05/31/2004 11:00PM

Capable despite class rise


CHICAGO - On the Course has handled about everything they've thrown at him so far. Two racing surfaces, three different racetracks - he has been there and done that. The only stumble so far was a much-better-than-average second-level allowance race April 3 at Keeneland. Even then On the Course finished a good third, and he easily cleared that allowance condition in his next race, this time at Hawthorne.

So yes, Thursday's featured eighth race at Arlington is the deepest, toughest spot On the Course has entered in his nascent career, but the horse has a good chance of handling this, too.

On the Course was one of nine horses entered in the Thursday feature, a third-level allowance with a $62,500 claiming option carded for about one mile on turf. On the Course, a late-starting 4-year-old by Spinning World, just made the races in February. He ran three times for his breeder, the Cobra Farm of Gary Bisantz, before being privately sold to the Chicago owner Barry Golden. Mike Stidham has remained his trainer throughout.

When On the Course debuted at Fair Grounds his race was switched from turf to dirt, and he won anyway, beating a moderately talented horse named Haitian Morality. On turf in an entry-level Fair Grounds allowance, On the Course found room in the final furlong and finished powerfully to win by a length. He was not quite ready for the more seasoned, talented pair of European and Halawellfin Hala in the Keeneland allowance, but both those horses are something at least close to stakes class, and On the Course missed by only a length. He then made short work of Hawthorne opposition, and here we are at Arlington.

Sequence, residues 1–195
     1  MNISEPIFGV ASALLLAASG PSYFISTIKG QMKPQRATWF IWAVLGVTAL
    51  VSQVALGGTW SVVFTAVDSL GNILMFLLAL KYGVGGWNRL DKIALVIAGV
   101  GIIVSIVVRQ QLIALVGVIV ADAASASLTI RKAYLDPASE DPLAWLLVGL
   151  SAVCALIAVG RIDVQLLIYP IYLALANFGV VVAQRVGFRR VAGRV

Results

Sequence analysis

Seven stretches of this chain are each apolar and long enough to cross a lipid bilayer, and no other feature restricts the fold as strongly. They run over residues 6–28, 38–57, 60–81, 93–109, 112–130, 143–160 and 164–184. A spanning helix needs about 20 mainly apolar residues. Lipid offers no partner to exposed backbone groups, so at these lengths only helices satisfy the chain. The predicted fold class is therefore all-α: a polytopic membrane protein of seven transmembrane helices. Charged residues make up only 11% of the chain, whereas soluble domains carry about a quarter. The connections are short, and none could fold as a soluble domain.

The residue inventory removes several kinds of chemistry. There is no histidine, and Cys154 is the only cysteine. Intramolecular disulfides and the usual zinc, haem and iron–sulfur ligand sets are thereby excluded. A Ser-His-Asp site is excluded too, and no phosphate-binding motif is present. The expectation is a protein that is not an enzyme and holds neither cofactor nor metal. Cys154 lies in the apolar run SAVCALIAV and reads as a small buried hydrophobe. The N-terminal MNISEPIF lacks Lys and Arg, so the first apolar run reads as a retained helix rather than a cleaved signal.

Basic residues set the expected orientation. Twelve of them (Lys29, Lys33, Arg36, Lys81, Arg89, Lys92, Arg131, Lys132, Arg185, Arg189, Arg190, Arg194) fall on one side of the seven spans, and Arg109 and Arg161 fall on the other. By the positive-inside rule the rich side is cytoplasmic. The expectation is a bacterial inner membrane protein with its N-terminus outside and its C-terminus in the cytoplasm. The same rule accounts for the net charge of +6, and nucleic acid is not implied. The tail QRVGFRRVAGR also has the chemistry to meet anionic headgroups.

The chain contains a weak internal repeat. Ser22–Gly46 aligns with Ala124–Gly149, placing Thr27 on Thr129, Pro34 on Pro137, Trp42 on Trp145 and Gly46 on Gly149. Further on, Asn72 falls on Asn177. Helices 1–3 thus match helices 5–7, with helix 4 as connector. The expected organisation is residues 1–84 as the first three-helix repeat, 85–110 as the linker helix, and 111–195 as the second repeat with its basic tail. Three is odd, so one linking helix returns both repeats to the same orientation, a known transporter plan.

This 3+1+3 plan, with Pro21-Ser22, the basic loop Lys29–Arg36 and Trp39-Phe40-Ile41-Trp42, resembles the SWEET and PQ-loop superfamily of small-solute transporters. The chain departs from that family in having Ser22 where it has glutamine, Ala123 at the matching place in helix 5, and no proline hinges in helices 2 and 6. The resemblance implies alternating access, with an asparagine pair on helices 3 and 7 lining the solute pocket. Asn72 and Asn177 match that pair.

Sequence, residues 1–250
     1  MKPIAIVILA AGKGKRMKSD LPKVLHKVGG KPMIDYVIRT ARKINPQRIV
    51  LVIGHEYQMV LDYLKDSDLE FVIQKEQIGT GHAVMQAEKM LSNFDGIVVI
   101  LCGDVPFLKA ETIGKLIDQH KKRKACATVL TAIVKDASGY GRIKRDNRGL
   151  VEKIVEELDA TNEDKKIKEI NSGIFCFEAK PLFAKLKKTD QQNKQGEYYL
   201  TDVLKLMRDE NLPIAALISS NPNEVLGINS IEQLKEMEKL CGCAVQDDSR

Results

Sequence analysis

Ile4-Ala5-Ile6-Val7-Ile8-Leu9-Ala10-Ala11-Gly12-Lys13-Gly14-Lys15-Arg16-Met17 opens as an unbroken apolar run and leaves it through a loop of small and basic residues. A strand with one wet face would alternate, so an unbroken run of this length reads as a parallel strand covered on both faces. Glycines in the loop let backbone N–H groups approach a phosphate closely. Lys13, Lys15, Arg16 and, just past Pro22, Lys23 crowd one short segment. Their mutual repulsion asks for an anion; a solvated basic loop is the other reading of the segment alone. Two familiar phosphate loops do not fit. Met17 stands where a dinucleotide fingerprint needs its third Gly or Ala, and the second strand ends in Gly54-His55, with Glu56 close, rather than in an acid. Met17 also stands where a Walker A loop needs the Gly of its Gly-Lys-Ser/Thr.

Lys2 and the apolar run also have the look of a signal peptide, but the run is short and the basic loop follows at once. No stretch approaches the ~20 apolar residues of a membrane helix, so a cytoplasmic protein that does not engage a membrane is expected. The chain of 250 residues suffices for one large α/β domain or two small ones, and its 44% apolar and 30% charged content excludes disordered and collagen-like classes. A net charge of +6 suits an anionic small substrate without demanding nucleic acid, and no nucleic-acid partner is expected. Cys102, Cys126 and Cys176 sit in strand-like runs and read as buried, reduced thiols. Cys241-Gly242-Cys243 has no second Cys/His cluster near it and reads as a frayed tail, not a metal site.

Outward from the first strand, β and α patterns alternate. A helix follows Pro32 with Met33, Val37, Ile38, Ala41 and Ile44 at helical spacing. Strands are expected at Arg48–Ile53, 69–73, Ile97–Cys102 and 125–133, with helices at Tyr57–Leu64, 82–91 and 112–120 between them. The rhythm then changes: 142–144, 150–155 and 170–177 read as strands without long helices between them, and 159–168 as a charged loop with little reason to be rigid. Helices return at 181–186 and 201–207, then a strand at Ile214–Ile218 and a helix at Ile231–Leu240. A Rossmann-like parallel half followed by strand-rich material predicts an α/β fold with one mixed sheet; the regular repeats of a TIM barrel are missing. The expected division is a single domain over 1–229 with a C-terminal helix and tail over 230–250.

This is an open allowance that feels like a statebred race, since five of the nine were bred in Illinois. Among them is Scooter Roach, resurgent this season with a statebred stakes win on dirt two starts ago and a close fourth in a higher-level Hawthorne turf allowance in his most recent start. Just Gossip hasn't raced since early March, but probably is ready for a solid effort, while longshot-inclined bettors should look carefully at a horse named Lacer.

Lacer has not raced since January, and has not won in a year, but that is nothing compared to stablemate Apalachee Special, who won his first race in five years last week. The trainer Charlie Livesay has a knack with long layoff horses, and Lacer's best race of last season was his first one.